Musical Investigation. Due Next Week. Romantic Era. A Comparison of Classical and Romantic Styles. The Art Song The Lied (Lieder = plural) is a German-texted solo vocal song with piano accompaniment. Influenced by Romantic lyric poetry Song Cycle
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Due Next Week
The Lied (Lieder = plural) is a German-texted solo vocal song with piano accompaniment.
Influenced by Romantic lyric poetry
Groups of Lieder that were unified by a narrative thread or theme.
The same melody is repeated with every stanza
Proceeds from beginning to end without repetitions of whole sections – the music follows the story line.
Modified strophic form
The same melody may be repeated for two or three stanzas, with new material introduce when the poem requires it
Fisherman tries to catch a trout from a stream
Schubert’s Trout Quintet
Erlking: Through-composed Lied
“In the lovely month of May” from A Poet’s Love (Dichterliebe), No. 1: a Lied from a song cycle
and the modern piano style
His entire creative life revolved around the piano.
His style was his own
Tempo rubato – borrowed time
Polonaise in A major, Op. 40, No. 1 (Military)
Prelude in E minor, Op. 28, No. 4
Symphonic poem – a one movement orchestral work with a literary or pictorial program.
Thematic transformation - Based his music on the technique of thematic transformation by varying the melodic outline, harmony or rhythm of a theme.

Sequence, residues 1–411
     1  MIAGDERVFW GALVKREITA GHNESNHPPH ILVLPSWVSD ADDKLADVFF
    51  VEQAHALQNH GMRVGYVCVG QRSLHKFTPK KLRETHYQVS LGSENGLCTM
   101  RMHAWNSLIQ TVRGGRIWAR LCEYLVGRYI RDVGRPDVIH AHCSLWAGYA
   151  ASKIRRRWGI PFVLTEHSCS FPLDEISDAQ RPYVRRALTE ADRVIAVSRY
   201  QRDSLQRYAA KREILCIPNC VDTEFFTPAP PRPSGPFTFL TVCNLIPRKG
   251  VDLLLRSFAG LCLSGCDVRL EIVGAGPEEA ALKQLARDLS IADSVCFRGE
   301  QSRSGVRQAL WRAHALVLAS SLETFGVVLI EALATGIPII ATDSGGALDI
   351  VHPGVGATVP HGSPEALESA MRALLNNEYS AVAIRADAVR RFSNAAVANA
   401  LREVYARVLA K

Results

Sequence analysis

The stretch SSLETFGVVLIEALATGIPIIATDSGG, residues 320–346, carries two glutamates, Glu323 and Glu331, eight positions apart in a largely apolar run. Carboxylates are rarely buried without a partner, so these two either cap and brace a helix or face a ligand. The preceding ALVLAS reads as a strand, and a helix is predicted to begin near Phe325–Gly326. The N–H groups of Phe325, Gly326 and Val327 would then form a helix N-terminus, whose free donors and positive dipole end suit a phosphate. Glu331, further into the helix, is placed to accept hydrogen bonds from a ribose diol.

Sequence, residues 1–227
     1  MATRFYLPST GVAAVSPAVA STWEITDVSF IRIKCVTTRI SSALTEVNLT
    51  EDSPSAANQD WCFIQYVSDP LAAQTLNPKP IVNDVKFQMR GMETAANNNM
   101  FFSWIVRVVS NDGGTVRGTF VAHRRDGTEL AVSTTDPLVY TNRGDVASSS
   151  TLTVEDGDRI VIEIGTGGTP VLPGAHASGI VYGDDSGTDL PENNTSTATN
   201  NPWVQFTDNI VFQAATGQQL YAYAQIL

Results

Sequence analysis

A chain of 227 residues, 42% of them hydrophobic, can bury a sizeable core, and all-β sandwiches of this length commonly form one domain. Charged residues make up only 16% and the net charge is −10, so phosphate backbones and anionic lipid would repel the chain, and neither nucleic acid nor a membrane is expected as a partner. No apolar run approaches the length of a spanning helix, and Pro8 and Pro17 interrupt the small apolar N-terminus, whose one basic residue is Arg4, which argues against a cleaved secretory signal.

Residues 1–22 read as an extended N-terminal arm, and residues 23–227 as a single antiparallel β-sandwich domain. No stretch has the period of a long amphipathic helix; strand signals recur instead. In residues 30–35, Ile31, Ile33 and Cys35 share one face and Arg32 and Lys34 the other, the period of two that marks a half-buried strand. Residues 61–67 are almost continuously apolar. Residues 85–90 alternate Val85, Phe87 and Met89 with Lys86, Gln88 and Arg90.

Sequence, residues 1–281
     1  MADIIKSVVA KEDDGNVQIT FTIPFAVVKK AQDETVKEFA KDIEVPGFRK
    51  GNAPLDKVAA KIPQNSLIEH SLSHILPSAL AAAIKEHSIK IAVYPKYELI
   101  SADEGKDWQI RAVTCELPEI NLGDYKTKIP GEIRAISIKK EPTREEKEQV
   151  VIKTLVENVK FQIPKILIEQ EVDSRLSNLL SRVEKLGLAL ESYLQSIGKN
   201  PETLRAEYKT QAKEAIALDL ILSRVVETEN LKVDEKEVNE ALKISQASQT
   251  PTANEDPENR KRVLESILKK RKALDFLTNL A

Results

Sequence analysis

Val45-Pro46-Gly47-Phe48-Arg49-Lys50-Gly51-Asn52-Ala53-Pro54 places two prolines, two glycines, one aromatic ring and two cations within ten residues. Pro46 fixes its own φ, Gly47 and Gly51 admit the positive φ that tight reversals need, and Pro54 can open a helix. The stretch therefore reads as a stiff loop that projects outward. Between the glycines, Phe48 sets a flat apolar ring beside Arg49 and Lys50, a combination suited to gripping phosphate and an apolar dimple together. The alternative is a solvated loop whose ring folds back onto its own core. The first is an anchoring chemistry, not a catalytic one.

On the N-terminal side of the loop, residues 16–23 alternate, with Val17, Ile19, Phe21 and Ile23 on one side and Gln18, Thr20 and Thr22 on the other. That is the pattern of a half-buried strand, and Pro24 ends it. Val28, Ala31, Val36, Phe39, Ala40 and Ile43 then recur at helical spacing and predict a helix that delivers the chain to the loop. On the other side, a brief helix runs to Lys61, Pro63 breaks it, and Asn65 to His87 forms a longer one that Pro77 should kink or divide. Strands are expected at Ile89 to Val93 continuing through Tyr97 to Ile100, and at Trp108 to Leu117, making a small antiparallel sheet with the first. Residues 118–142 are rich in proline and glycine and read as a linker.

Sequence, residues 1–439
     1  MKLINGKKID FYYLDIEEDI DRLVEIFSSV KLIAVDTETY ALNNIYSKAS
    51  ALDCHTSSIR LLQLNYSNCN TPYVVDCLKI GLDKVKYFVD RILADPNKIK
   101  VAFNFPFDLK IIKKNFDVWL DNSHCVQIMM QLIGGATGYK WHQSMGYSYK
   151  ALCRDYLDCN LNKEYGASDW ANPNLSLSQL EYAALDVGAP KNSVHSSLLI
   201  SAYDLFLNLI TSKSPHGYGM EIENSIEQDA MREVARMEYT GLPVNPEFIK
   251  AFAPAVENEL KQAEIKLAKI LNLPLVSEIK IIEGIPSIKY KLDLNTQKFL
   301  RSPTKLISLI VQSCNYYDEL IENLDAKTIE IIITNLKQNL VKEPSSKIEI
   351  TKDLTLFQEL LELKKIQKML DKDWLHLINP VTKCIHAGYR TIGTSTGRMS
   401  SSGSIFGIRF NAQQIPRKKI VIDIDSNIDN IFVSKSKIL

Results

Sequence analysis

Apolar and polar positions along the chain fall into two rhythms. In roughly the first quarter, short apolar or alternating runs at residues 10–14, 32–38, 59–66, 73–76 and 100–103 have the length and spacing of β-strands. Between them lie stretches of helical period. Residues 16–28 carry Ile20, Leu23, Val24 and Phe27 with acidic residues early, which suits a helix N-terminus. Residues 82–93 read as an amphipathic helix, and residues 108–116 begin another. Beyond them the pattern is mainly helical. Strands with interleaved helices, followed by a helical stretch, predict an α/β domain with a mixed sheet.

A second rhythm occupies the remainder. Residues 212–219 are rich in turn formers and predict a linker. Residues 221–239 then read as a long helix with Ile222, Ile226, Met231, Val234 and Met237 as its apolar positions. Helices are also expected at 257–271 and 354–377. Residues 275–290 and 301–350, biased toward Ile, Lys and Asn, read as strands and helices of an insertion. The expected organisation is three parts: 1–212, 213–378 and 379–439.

The Little Bell (La campanella)
a German musician, one of the leading pianists of the Romantic era, as well as a composer, and wife of composer Robert Schumann.
Nocturne, from Music for an Evening Entertainment (Soirees musicales), Op. 6
Program symphony – 5 movements
A lovesick musician in an opium trance is haunted by a vision of his beloved, which becomes an idée fixe.
The symphony’s recurrent theme, called an idée fixe (fixed idea), symbolizes the beloved.
Reveries, Passions – The musician remembers the yearning he knew before meeting his beloved. Then the volcanic love with which she inspired him.
A Ball – At a ball he glimpses the loved one again.
Scene in the Fields – In the country he hears two shepherds piping. She appears again.
March to the Scaffold – He dreams he has killed his beloved, that he has been condemned to die and is being led to the scaffold
Dream of a Witches’ Sabbath – He is surrounded by spirits who have gathered for his funeral. She comes to the funeral.
4th movement – March to the Scaffold
0:00 – opening motive (rhythm of theme B)
0:24 – theme A, downward minor scale
1:31 – theme B – march tune
1:56 – development
theme B in brass
theme A soft with pizz strings
theme B brass
theme A pizz strings, then brass
3:02 – Theme A full orch, then inverted
4:05 – Idée fixe in clarinet (a last thought of love) followed by a loud chord (the fall of the blade)
5th movement – Dream of a Witches’ Sabbath
0:00 – Larghetto, chromatic scales in strings
1:27 – Allegro, fixed idea in clarinet w/ trills and grace notes
1:35 – Orchestra fortissimo = howls of joy at beloved’s arrival
1:46 – fixed idea continues in woodwinds
2:53 – Bells toll for the dead
3:19 – Chant tune Dies irae in bassoons and tubas, then twice as fast in brass
3:49 – Altered Dies irae in strings
5:08 – “Dance of the Witches” (Rounde du Sabbat”) beings in low strings, fugal setting
7:56 – “The dance and the Dies irae combined”
(Czech Republic was called Bohemia)
Symphonic poem, from cycle My Country
Program: Scenes along the river Moldau in Bohemia
Czech – Dvorak, Smetana
England – Elgar, Ralph Vaughan Williams
Scandinavia – Grieg, Sibelius
Russia – Borodin, Musorgsky, Korsakov, Tchaikovsky
Spain – Albeniz, de Falla